Some very smart people have been figuring out ways to overcome what they feel are inherent limitations in iTunes for a very long time...automating, scripts, syncing, there are now iTunes centric apps like Tunespan which open up a lot of doors. I would not be surprised if what you ask is possible but I do not know how to script either of those actions. There are people, it seems, whose mission in life is not to use iTunes the way Apple wants them to...and as a result you now have more choices than ever for playing music, there are a plethora of alternative music players in OS X, most have pretensions of audiophila but a couple are quite nice for the price.

I'm all for others stretching boundaries, for me, I tend to keep things as simple as possible, and usually don't ask iTunes to do something it wasn't intended to do. I've always been happy with it, with AirTunes and AirPlay, with Home Sharing, it's always just worked for me. In a typical week I may have 2-3 new cds to add to the library, and I do use Tunespan, a great app, for certain things, but generally I'm a model citizen when it comes to using iTunes the way Apple wants me to.

This guy writes intelligently and well about all things iTunes:

http://www.macworld.com/column/itunes-guy/

http://www.mcelhearn.com

Last edited by chefklc; 11-09-2014 at 08:05 AM. Reason: added link to Kirk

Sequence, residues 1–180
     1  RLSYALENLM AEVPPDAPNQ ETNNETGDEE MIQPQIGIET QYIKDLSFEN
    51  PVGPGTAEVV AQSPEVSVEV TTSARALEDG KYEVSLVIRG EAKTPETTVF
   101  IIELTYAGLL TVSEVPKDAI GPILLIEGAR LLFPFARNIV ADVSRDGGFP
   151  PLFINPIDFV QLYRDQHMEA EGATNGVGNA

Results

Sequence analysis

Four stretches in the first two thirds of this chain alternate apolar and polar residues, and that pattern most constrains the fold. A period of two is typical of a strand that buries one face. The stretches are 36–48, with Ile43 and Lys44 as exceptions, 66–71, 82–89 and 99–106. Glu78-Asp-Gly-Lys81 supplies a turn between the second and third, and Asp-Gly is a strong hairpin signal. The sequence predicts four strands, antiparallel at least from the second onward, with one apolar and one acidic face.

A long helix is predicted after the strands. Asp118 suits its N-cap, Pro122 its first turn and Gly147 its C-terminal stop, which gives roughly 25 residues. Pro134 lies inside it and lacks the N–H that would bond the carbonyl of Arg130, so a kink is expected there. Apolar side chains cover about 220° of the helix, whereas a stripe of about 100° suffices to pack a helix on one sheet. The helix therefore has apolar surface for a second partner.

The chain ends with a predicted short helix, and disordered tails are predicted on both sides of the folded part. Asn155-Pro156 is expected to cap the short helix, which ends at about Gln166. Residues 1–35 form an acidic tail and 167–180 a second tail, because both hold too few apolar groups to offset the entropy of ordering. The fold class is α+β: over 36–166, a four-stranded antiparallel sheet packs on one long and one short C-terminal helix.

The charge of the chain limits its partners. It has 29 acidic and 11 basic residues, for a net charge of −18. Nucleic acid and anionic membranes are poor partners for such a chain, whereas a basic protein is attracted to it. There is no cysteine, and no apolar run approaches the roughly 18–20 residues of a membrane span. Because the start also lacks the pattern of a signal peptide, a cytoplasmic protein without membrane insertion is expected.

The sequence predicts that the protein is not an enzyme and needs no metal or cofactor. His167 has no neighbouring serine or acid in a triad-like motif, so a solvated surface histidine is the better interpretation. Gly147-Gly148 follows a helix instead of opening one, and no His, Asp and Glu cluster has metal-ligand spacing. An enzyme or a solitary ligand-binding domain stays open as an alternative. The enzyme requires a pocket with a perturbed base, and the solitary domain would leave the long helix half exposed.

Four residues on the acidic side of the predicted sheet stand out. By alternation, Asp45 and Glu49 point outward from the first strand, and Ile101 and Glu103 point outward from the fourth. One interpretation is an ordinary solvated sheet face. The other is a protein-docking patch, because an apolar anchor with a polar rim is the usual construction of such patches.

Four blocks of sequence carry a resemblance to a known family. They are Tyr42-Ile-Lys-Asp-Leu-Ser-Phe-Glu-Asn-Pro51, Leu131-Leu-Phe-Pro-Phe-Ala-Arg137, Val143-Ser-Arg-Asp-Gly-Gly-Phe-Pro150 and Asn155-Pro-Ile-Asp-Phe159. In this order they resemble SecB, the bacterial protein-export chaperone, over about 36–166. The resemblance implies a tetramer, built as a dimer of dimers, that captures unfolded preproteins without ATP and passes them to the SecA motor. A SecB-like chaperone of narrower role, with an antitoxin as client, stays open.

chefklc is offline  
post #20 of 27 Old 11-10-2014, 07:25 AM
Member
 
spyrelx's Avatar
 
Join Date: Jan 2006
Posts: 68
Mentioned: 0 Post(s)
Tagged: 0 Thread(s)
Quoted: 3 Post(s)
Liked: 10
Quote:
Originally Posted by chefklc View Post
Some very smart people have been figuring out ways to overcome what they feel are inherent limitations in iTunes for a very long time...automating, scripts, syncing, there are now iTunes centric apps like Tunespan which open up a lot of doors. I would not be surprised if what you ask is possible but I do not know how to script either of those actions. There are people, it seems, whose mission in life is not to use iTunes the way Apple wants them to...and as a result you now have more choices than ever for playing music, there are a plethora of alternative music players in OS X, most have pretensions of audiophila but a couple are quite nice for the price.

I'm all for others stretching boundaries, for me, I tend to keep things as simple as possible, and usually don't ask iTunes to do something it wasn't intended to do. I've always been happy with it, with AirTunes and AirPlay, with Home Sharing, it's always just worked for me. In a typical week I may have 2-3 new cds to add to the library, and I do use Tunespan, a great app, for certain things, but generally I'm a model citizen when it comes to using iTunes the way Apple wants me to.